Seriously, Rise Credit?
Why the companies of Elevate are terrible, horrible, no good, very bad lenders
Studies on American financial health indicate that most Americans are ill-prepared for an emergency costing more than $1000. These numbers, reported by Fortunly, tell a grim tale:
American savings statistics for 2020 show that nearly 70% of Americans have less than $1,000 stashed away in their bank accounts. That number rose from 58% in 2018. Meanwhile, the number of those with savings between $1,000 and $5,000 stands at roughly 12%.
It’s not difficult to imagine an emergency costing more than $1000. A trip to the ER, even with health insurance, can easily cost $1000 or more in order to meet your policy’s deductible. A flat tire won’t likely run you $1000, but other car repairs just might. What about a busted water heater or a washer/dryer going out? If you have less than $1000 in the bank, all of these situations could spell financial crisis.
This could mean it is time to consider a short-term loan to bridge the gap between your finances and the emergency expense.
If you’ve decided a loan is the right answer right now, you may be wondering where to turn.
One option that may come up is a loan from Rise Credit. The company specializes in short-term loans with repayment terms from 7 to 26 months. They note on their website that if you make on-time payments, they’ll lower your interest rate over time. So, a relatively long repayment option plus rates that get lower if you pay as planned.
Sounds good, right?
Well, not so much.
Here’s a bit more about the Rise experience from their website:
In my state of Tennessee, Rise offers short-term loans from $500 to $5000 with interest rates ranging from 99% to 149%.
They offer an example loan of $2000 with a biweekly payment of $150 over 13 months. That means you’d end up paying $3900. Yes, that short-term fix of $2000 could cost you another $1900. Oh my!
This Company has Elevated the Art of Scamming Borrowers
Loans with rates as high as 251%.
Read that again.
No, this is NOT the shady payday lending store located in a crappy strip mall.
Instead, it’s a so-called “FinTech” lender named Elevate. The company operates a number of branded credit products — short-term or installment loans offered entirely online.
These products include Rise, Elastic, and the Today card Mastercard.
Here’s what they say about their work on their website:
Now more than ever there is a need to rethink traditional approaches to consumer credit. Decades–long macroeconomic trends and the recent financial crisis have resulted in a growing “New Middle Class” with little to no savings, urgent credit needs and limited options. Banks haven’t stepped up to serve this market and legacy non-prime lenders haven’t innovated. We believe Elevate’s solutions provide the answer and are transforming the non-prime lending industry in the US by providing responsible and transparent options.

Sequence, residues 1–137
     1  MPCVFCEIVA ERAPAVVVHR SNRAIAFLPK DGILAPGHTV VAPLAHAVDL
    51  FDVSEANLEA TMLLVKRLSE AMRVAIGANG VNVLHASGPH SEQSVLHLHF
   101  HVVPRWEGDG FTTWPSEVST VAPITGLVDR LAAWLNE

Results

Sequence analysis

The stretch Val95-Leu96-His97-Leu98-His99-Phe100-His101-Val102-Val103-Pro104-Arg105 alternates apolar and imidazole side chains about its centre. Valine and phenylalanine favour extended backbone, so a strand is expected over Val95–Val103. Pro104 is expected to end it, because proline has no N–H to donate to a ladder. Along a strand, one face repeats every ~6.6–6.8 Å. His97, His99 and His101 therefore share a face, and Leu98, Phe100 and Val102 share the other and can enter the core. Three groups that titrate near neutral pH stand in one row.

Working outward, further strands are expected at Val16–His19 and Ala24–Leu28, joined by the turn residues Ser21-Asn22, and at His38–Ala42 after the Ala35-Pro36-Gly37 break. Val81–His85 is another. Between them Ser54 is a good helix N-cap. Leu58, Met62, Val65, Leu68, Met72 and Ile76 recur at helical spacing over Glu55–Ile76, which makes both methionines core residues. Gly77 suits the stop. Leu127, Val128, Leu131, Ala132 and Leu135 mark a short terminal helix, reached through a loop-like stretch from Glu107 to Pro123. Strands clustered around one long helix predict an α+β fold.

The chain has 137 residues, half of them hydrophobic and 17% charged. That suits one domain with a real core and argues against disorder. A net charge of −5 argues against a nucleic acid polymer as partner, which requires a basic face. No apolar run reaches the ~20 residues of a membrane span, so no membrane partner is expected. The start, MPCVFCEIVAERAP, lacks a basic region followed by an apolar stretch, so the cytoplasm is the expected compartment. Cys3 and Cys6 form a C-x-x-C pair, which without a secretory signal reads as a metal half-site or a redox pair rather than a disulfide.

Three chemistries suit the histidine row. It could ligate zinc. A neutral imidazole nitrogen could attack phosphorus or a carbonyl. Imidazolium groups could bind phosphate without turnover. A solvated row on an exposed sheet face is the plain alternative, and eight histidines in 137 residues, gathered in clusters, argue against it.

Sounds great, right? Using technology to cut costs and deliver a needed product to the “new middle class.” Plus, they even tell us they are “transparent” and “responsible.”
Turns out, not so much.
Several recent stories raise serious questions about the relative transparency and responsibility of Elevate’s business model. I mean, if you think that charging triple-digit interest rates and deliberately violating state lending laws is transparent and responsible, Elevate just might be for you.
Here’s how the Dallas Business Journal describes one recent settlement involving Elevate and a scheme to evade state caps on short-term loan interest rates:
Fort Worth technology-based financial lender Elevate Credit has agreed to pay $33 million as part of a proposed settlement agreement related to a web of litigation across the United States, which alleged a decade-long scheme of predatory lending and subsequent corporate transactional legal maneuvering that victimized more than a million low-income people.
ANOTHER Elevate-affiliated Company Ripping People Off
Virginia consumers who borrowed from online payday lender Think Finance (a precursor company to Elevate) could soon see cash refunds as a result of a proposed settlement in a class action lawsuit. Details from the case suggest Think Finance ran loans through three tribal lenders in an attempt to evade state interest rate caps and charge triple-digit interest rates on payday loans.
The class of Virginia residents sued the founders of Think Finance in 2018 for allegedly using tribe-owned lending companies Plain Green LLC, Great Plains Lending LLC and MobiLoans LLC as fronts to skirt state usury laws, which prohibit lenders from charging excessively high interest rates.
The proposed settlement will result in a settlement fund paid by Think Finance in the amount of $44.5 million.
Despite all the bad press, scams, and lawsuit settlements, these predators are still out there in suits getting rich as hell on the backs of working people with little to no savings.